Flags were flying in Robertson Street and Castle Street, while Breeds Place, the well known drapery establishment of Messrs Mastin Brothers was decorated in a more ambitious style. Above the windows, the balcony was adorned with red, white, and blue bunting, the Star and Stripes being in the centre. Royal Standards and other patriotic flags were placed at intervals the length of the facade, and a flag waved from each of the large upper windows, while streamers crossed the road, and in front at the top was a string of pennons.
The adjacent boarding house (Mr Gildersleeve's) was decorated with striped bunting and patriotic flags.
Away in the direction of St. Leonards, the Eversfield and Alexandra Hotels, and several boarding houses, displayed flags.
The East Sussex Club was also decorated.
A large streamer, with the historic white horse, waved over the road at the "Royal Saxon Hotel, and a fine Royal Standard in front of the Yorkshire Grey.
Various shops in London Road and Norman Road displayed flags, and also in Kings Road several places of business were gay with bunting, notably Mr A. W. Chesterfield's, where the Stars and Stripes flew in company with the Union Jack.
From the Royal Hotel to Warrior Square Station there was a string of streamers.
Nor were the older portions of the town behindhand in their loyalty. At the East Sussex Supply Company's premises in All Saints Street Mr Baker, the energetic secretary of the Lower St. Mary's Conservative Association, arranged a display of Union Jacks and other patriotic flags.
In the Old Town of Hastings bunting was specially profuse and, indeed, there was hardly a road in the town where some houses were not decorated.
Peals were rung on the bells of the two old Parish Churches of All Saints' and St. Clement's from mid-day until the evening. After the mid-day peal the ringers were invited to Councillor Eaton's residence for refreshments, where Mr J. W. E. Chubb presided at the pianoforte, and several patriotic songs were sung, concluding with the National Anthem and cheers for Councillor Eaton.
LADY SMITH AT HASTINGS
The cup which has been exhibited in the window of Mr Thomas Mann's Art Repository in Claremont, with a card announcing that it was a gift to that gentleman from Lady Smith, was probably the first intimation to a great many people that the lady who gave her name to the Natal town whose relief all England has been celebrating was, for several years after the death of her husband, a resident of this borough.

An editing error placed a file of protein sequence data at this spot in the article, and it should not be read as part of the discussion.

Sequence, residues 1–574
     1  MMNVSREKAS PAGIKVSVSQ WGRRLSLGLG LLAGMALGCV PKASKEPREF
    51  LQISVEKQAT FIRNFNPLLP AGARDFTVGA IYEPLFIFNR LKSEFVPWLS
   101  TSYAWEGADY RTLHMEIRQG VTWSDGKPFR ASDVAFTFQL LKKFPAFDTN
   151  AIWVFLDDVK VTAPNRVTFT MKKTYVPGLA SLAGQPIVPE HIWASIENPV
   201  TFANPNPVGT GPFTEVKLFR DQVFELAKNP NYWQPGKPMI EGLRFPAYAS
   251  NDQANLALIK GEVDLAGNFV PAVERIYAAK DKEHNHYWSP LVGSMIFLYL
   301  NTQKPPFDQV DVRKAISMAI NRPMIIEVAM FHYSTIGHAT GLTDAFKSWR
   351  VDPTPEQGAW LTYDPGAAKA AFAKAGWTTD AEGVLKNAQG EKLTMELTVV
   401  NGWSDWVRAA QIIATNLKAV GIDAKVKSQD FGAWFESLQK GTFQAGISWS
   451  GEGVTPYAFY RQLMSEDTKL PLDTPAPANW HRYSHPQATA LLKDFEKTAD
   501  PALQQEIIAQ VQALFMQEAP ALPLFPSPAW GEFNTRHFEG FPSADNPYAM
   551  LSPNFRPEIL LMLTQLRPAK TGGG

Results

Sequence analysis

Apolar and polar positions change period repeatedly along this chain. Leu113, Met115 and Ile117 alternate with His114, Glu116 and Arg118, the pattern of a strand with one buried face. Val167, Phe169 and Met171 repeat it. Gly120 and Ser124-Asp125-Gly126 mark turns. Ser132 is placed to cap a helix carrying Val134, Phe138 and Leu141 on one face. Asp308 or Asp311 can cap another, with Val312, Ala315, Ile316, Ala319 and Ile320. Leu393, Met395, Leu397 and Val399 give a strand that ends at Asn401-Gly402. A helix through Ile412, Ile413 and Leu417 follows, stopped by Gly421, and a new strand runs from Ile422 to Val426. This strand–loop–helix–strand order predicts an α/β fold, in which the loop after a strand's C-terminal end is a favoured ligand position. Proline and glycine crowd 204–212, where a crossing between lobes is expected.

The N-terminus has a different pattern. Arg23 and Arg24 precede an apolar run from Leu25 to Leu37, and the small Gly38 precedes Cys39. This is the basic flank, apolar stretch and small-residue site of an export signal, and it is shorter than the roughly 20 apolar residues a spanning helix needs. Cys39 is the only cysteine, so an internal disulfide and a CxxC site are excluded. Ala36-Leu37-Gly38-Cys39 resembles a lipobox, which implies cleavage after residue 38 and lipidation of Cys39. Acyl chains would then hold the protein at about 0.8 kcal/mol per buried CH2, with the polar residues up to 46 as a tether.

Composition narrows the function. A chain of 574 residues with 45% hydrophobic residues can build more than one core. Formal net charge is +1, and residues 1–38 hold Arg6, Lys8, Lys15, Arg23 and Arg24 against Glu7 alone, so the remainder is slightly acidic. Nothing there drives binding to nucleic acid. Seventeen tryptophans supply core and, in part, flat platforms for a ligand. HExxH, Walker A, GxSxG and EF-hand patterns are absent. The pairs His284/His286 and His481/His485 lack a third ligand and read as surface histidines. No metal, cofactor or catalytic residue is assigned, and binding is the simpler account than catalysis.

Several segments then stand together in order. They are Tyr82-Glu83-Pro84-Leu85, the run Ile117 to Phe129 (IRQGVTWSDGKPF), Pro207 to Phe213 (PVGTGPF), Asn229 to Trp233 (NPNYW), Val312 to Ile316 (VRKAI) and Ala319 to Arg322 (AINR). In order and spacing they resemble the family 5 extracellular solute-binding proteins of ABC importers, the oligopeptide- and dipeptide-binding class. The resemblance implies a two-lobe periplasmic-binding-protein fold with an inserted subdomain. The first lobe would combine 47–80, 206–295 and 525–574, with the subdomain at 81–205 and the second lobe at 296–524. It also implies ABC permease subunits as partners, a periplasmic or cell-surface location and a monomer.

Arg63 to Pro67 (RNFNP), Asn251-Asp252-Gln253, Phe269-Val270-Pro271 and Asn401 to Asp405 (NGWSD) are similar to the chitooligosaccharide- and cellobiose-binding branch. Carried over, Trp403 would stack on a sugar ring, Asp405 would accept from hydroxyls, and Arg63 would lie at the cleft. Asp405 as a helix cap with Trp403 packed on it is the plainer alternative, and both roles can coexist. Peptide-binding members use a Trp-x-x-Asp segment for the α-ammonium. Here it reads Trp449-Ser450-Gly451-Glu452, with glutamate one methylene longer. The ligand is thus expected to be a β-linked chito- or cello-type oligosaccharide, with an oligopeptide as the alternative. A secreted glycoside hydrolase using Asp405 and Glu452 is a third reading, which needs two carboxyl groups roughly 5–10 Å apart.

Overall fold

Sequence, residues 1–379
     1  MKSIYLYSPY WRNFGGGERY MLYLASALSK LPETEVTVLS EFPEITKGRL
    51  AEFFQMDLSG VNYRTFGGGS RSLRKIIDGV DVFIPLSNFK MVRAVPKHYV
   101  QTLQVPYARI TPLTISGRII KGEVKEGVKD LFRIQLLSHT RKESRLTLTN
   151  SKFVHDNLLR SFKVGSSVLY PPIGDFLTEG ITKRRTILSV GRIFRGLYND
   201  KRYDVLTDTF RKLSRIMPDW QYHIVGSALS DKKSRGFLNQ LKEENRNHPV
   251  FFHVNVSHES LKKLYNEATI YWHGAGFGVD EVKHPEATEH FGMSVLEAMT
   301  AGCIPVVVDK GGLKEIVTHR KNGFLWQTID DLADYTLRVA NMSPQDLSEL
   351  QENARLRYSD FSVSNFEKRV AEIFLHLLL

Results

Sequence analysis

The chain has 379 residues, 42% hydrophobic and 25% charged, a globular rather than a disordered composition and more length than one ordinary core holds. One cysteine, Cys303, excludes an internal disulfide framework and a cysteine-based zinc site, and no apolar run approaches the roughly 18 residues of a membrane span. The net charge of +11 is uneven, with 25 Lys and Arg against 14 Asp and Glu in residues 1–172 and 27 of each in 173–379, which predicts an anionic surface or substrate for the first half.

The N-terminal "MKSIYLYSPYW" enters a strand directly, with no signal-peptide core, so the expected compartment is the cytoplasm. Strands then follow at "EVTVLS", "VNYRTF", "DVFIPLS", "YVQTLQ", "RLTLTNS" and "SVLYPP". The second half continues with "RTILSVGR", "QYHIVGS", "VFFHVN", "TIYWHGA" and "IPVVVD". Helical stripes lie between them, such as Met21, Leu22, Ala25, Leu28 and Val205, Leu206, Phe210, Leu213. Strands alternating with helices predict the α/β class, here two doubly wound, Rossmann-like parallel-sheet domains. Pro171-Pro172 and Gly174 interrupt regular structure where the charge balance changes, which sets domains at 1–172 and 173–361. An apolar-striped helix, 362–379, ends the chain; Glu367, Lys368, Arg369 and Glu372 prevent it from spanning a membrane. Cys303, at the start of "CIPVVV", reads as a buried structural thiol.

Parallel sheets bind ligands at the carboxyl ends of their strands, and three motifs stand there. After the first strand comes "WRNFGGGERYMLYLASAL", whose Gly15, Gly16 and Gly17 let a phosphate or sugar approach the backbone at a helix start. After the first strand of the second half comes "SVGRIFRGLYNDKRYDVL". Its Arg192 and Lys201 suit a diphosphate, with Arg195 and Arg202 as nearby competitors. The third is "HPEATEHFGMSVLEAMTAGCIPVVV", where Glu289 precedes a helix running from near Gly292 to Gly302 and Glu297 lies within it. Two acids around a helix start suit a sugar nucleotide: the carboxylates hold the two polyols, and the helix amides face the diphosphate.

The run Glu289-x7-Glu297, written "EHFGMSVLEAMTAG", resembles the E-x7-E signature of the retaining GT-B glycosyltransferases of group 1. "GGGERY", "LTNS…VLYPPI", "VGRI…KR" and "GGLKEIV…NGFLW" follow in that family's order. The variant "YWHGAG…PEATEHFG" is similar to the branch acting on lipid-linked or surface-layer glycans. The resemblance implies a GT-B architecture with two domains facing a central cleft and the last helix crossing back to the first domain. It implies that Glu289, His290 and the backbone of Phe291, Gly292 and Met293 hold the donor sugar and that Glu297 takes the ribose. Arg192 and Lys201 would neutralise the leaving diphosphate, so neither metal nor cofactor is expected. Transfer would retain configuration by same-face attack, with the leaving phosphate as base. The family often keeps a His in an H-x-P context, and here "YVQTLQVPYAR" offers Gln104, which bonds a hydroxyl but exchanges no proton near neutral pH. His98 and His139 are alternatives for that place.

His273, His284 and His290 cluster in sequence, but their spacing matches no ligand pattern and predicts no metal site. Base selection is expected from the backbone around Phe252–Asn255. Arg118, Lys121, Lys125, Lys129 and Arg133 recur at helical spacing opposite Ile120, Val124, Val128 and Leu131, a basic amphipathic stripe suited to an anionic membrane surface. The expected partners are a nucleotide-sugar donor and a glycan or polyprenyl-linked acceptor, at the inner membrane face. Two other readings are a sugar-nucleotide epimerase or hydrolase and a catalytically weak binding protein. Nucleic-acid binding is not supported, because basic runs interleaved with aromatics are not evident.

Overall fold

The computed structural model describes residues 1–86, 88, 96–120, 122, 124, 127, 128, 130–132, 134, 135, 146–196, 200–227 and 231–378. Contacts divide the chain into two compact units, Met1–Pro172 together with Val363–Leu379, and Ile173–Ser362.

Such, however, is the case. The beautiful and high born Spanish girl, who took refuge in the English Camp at the Siege of Badajoz, and captured the heart of the then youthful Sir Harry, came, when the life of adventure which they had lived together was ended by his death, to 19 Robertson Terrace, where she was the tenant of Mr Mann for some eight years, and played a prominent part in certain local social circles.
Among her intimate friends here she numbered: Canon and Mrs Crosse, Sir Woodbine and Lady Parrish, Lady Cathcart, the Hon Mrs Boyle, and Mr and Mrs St. Quinton; and owing to her charm and affability, and the romantic story of her life, she was extremely popular.
She arrived here soon after her husband’s death in 1860, and left to live in Cadogan Square London, about 1868, and it is said that she was contemplating returning at the time of her own death in 1872.
She was accompanied here by her niece, since married and living in London. Lady Smith’s maiden name was Juana Maria de los Dolores de Leon, and as she was fourteen at the time of the Badajoz incident, she must have been much younger than her husband.
During her husband's Governorship of the Cape she went everywhere with him and it was in consequence of a visit to the then insignificant outpost that Ladysmith received its name.
The cup which was a parting gift to Mr Mann, bears the inscription:—"From Lady Smith to Thomas Mann, in remembrance of his many kindnesses to her. April, 1868."